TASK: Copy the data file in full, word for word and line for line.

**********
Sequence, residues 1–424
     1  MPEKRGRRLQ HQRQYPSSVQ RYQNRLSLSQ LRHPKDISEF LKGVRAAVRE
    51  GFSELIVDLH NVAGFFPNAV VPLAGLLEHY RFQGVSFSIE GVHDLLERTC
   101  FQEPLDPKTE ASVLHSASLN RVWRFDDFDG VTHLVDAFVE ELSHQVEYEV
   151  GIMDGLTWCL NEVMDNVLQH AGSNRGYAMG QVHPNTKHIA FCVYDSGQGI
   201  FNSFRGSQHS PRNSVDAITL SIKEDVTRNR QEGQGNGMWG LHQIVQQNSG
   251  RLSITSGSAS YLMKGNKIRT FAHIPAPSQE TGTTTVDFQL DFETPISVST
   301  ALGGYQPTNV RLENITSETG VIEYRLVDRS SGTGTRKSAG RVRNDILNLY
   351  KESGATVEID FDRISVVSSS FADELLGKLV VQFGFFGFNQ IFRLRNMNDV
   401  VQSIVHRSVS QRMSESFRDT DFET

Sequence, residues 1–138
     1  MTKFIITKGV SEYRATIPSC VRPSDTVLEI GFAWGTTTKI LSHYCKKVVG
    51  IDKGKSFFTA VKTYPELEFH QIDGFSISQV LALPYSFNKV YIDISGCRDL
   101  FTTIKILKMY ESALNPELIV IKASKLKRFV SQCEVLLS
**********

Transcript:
Sequence, residues 1–424
     1  MPEKRGRRLQ HQRQYPSSVQ RYQNRLSLSQ LRHPKDISEF LKGVRAAVRE
    51  GFSELIVDLH NVAGFFPNAV VPLAGLLEHY RFQGVSFSIE GVHDLLERTC
   101  FQEPLDPKTE ASVLHSASLN RVWRFDDFDG VTHLVDAFVE ELSHQVEYEV
   151  GIMDGLTWCL NEVMDNVLQH AGSNRGYAMG QVHPNTKHIA FCVYDSGQGI
   201  FNSFRGSQHS PRNSVDAITL SIKEDVTRNR QEGQGNGMWG LHQIVQQNSG
   251  RLSITSGSAS YLMKGNKIRT FAHIPAPSQE TGTTTVDFQL DFETPISVST
   301  ALGGYQPTNV RLENITSETG VIEYRLVDRS SGTGTRKSAG RVRNDILNLY
   351  KESGATVEID FDRISVVSSS FADELLGKLV VQFGFFGFNQ IFRLRNMNDV
   401  VQSIVHRSVS QRMSESFRDT DFET

Sequence, residues 1–138
     1  MTKFIITKGV SEYRATIPSC VRPSDTVLEI GFAWGTTTKI LSHYCKKVVG
    51  IDKGKSFFTA VKTYPELEFH QIDGFSISQV LALPYSFNKV YIDISGCRDL
   101  FTTIKILKMY ESALNPELIV IKASKLKRFV SQCEVLLS